As a candidate for membership, Turkey has attained recognition from its European neighbors that it belongs in the European club of states - a status sought by Turkish and Ottoman governments for almost 150 years. However, unlike in the case of other candidate countries, accession talks would not begin until Turkey completes a series of economic and political reforms. This paper evaluates the nature of EU-Turkey relations and assesses Turkey's prospects for eventual membership in the Union.
The decision of the European Union (EU) at the Helsinki summit of December 10-11, 1999 to include Turkey among the list of candidate countries for membership has eased tensions in the capitals of Western Allies. After two years of very cold relations the two sides seem to be moving toward better days. As a candidate for membership, Turkey has attained recognition from its European neighbors that it belongs in the European club of states - a status sought by Turkish and Ottoman governments for almost 150 years. However, unlike in the case of other candidate countries, accession talks would not begin until Turkey completes a series of economic and political reforms. This article evaluates the nature of EU-Turkey relations and assesses Turkey's prospects for eventual membership in the Union.
A BRIEF BACKGROUND OF EU-TURKEY RELATIONS
Turkey's relations with the EU date back to the late 1950s when the Democrat Party government applied for an associate membership in the European Economic Community (EEC). The EEC granted this membership to Turkey under the Ankara Agreement of 1963, soon after it had given a similar membership to Greece in 1961.1
Since then, the EU and Turkey have had a roller coaster relationship characterized at times by good political and economic ties and worsening relations following the military interventions in Turkey in 1971 and 1980 when the Europeans suspended economic and military assistance to the Turkish coup governments. In 1987, the Turgut Ozal government applied for membership in the EU because it felt confident that Turkey had achieved economic success after five years of restructuring and integration with global markets. Despite the Turkish government's enthusiasm, the European leaders quickly dismissed the application and announced that for numerous reasons Turkey was not ready for full membership.2 However, all was not lost after this initial European response. Recognizing Turkey's economic and political significance for the EU following the end of the Cold War, the European leaders began a series of talks with their Turkish counterparts that eventually resulted in a compromise solution that neither shut the door for future membership nor granted the Turks immediate accession. The outcome was the Customs Union (CU) agreement of 1995 that entered into effect on December 31, 1995.3 This agreement gave the Turks closer economic ties with the EU than any other nonmember country at the time, with the exceptions of Iceland and Norway, and opened the Turkish market of 65 million consumers to EU companies. For the Turks, the CU symbolized their membership in Europe, and thus would put Turkey on track for membership in the EU. For the Europeans, however, the CU was the most Turkey could expect from the Union - at least for the foreseeable future.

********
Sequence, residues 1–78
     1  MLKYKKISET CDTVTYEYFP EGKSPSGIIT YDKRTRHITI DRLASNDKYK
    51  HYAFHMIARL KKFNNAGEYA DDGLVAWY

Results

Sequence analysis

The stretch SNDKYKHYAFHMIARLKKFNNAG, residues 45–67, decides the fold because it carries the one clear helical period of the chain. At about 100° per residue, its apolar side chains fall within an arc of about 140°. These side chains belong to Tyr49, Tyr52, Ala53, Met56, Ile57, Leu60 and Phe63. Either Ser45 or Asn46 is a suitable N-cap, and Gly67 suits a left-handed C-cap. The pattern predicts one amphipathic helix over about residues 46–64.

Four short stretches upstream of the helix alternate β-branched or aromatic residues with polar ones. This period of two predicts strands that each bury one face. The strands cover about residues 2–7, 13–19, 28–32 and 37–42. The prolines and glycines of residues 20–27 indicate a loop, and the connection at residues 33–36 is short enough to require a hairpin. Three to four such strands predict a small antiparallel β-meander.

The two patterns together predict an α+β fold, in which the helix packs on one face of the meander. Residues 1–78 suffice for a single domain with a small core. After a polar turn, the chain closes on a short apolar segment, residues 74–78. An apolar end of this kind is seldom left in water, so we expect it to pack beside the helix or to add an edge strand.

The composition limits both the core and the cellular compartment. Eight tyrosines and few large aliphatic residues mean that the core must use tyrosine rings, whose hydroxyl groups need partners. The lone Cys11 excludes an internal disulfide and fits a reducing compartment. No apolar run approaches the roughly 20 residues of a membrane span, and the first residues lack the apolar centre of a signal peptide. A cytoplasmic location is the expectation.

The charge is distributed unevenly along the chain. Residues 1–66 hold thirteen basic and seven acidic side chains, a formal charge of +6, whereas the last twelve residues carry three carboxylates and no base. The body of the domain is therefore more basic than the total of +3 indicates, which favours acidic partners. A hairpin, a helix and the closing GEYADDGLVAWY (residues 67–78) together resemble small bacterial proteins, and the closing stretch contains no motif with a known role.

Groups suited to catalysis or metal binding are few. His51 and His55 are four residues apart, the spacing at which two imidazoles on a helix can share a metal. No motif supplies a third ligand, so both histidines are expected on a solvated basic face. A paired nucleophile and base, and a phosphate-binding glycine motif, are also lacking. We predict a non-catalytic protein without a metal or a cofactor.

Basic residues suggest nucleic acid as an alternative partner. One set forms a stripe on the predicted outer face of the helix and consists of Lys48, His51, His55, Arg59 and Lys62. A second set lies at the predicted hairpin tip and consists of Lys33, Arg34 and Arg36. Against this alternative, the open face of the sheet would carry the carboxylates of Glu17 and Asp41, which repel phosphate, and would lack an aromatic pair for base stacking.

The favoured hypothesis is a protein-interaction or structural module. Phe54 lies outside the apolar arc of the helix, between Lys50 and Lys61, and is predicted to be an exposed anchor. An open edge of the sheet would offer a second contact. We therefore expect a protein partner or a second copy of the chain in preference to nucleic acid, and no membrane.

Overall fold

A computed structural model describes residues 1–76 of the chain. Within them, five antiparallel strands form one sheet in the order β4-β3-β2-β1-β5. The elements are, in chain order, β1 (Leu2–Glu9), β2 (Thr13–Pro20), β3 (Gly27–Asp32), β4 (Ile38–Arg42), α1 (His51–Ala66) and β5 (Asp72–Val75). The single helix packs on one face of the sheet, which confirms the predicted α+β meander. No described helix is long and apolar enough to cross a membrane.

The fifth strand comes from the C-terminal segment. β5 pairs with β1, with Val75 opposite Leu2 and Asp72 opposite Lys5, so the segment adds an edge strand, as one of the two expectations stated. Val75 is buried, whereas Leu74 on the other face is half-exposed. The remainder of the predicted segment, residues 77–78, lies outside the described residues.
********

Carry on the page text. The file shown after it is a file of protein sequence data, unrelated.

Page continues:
The next watershed in EU-Turkey relations came at the Luxembourg summit of December 1997, where the EU leaders decided on the list of candidate countries for membership in line with the recommendations of the European Commission that were outlined earlier in Agenda 2000. The announcement excluded Turkey as a candidate country. The Turks were outraged by this decision because as far as they were concerned weaker democracies and economies such as Slovakia, Bulgaria, and Romania were included. The final insult for the Turks was the decision to include the Greek side of Cyprus with complete disregard of international treaties covering the establishment of the Cyprus Republic. …